What is the psalmist's point of view in time or space? How does the psalmist's point of view contribute to the psalm's message and effect? Is there a spatial or temporal movement within this psalm? If so, what effect does this produce?
What is the psalm's narrative plot, if any?
What are the key images in the psalm? What makes them key? How does the psalmist develop the images? What effects do they produce?
How, if at all, does the psalmist build tension into the psalm? How does he relieve it?
What kind of language—concrete or abstract—does the psalmist use? What effect does it have?
What poetic devices does the psalmist employ in this psalm? These may include such things as imagery, metaphors, similes, personification, hyperbole, apostrophe, shifting or unusual tenses, presence or absence of refrains, and the like. What effects do these produce?
What are some of the intensifying features, if any, within this psalm?
What is the psalmist attempting to do in or through this psalm? What does he want the reader to think, feel, believe, or do as a result of reading this psalm?
With these questions in hand, we are prepared to analyze Psalm 8. This psalm is a hymn celebrating the greatness of God as Creator of all things. It is quoted by the author of Hebrews, who identifies "the son of man" in verse 4 of the psalm as Jesus. It would probably be better to preach two sermons, one on Psalm 8 and the other on Hebrews 2, rather than to preach one complex and lengthy sermon on the two texts paired together. The rhetorical analysis that follows deals primarily with Psalm 8 as it functioned in its original literary context.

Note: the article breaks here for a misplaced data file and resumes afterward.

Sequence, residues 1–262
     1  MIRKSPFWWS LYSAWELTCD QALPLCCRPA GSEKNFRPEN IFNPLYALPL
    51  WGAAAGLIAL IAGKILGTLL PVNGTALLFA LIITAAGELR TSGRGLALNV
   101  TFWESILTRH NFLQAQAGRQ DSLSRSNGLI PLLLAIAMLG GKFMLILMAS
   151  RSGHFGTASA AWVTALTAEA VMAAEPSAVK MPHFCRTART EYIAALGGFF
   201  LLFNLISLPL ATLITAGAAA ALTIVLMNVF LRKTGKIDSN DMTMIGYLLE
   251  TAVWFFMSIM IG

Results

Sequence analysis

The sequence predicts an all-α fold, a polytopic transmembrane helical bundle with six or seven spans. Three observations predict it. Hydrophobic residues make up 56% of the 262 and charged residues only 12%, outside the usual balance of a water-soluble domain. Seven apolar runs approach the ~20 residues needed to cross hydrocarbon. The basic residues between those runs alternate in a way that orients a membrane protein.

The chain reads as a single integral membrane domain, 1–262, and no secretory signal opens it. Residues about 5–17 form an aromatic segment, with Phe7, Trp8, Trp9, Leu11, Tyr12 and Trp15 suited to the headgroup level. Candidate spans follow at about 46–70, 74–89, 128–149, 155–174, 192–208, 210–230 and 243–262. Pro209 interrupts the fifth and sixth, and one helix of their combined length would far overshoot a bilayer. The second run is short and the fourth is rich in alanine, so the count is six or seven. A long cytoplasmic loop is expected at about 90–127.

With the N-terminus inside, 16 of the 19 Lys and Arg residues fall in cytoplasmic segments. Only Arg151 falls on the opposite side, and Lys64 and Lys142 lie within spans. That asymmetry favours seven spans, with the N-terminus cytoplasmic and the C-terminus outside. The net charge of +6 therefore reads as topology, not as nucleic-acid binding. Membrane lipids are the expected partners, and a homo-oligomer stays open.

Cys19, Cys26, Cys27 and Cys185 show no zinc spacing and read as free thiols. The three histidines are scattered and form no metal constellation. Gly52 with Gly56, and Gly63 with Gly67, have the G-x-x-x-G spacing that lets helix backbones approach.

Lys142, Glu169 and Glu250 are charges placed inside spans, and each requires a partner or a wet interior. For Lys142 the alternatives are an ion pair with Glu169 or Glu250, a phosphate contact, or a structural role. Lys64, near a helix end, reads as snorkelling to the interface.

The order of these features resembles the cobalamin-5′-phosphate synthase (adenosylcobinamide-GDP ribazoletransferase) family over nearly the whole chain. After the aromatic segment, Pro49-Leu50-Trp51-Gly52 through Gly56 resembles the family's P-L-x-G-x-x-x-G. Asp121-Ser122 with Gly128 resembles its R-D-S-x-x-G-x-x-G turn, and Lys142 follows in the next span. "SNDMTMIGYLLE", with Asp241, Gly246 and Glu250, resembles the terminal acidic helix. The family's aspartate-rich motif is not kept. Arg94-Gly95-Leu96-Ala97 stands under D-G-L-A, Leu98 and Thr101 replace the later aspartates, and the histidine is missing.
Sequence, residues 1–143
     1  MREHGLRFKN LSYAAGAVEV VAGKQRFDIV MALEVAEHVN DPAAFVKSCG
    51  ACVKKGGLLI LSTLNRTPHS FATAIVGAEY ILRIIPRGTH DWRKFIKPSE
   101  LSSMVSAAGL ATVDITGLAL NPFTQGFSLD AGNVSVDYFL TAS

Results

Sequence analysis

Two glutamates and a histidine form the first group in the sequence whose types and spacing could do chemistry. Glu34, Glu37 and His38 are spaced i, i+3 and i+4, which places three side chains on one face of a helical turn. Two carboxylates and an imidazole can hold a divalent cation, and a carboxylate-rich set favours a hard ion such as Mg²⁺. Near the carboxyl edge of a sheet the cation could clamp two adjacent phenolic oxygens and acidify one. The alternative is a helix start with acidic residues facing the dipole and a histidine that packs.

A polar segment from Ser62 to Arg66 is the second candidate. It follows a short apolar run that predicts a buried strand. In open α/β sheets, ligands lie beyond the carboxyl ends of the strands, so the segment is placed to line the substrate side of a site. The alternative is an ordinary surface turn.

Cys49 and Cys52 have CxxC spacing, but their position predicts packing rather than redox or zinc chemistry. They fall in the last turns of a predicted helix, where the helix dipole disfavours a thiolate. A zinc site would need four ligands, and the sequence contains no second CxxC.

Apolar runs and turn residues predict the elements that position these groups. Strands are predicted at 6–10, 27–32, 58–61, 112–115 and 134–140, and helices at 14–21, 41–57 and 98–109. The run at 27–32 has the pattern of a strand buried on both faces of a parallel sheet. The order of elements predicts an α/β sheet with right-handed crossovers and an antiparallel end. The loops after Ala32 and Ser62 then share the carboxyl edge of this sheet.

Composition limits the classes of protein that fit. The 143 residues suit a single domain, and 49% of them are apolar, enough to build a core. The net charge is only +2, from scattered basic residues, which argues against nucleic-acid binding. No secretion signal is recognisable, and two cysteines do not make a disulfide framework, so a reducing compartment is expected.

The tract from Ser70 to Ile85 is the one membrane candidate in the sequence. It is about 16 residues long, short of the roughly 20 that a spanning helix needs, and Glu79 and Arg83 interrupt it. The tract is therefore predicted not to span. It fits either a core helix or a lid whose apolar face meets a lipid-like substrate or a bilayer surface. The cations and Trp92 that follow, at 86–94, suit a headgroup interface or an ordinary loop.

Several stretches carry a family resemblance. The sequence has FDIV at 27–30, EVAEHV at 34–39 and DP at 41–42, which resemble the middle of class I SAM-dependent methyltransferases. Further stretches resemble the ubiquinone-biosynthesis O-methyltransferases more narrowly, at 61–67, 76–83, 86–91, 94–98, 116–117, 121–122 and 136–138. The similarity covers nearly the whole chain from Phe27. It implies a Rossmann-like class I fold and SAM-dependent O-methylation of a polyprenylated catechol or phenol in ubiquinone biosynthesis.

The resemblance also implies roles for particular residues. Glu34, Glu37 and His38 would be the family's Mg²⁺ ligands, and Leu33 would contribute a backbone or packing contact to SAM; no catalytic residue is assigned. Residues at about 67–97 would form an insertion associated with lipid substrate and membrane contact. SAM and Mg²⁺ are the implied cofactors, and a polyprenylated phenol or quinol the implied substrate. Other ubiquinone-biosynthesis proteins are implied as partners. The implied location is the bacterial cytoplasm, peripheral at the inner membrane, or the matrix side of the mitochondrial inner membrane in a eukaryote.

A Rhetorical Analysis of Psalm 8
1. To what genre does this psalm belong? How is it similar to other psalms of the same genre? How, if at all, does it differ?
Psalm 8 is a hymn. The purpose of a hymn is to give praise to God for something. In this case God is to be praised for his work as Creator and for his ongoing care of his creatures, especially human beings. The psalmist opens the song with words of praise uttered directly to God. This psalm differs from many other hymns in that the psalmist's opening words are addressed to God directly rather than to other worshipers, as is the case with hymns such as Psalm 95-96 and Psalm 100.
2. What mood(s), subject matter, and intended effects are usually characteristic of a psalm of this type? Does this psalm remain true to type?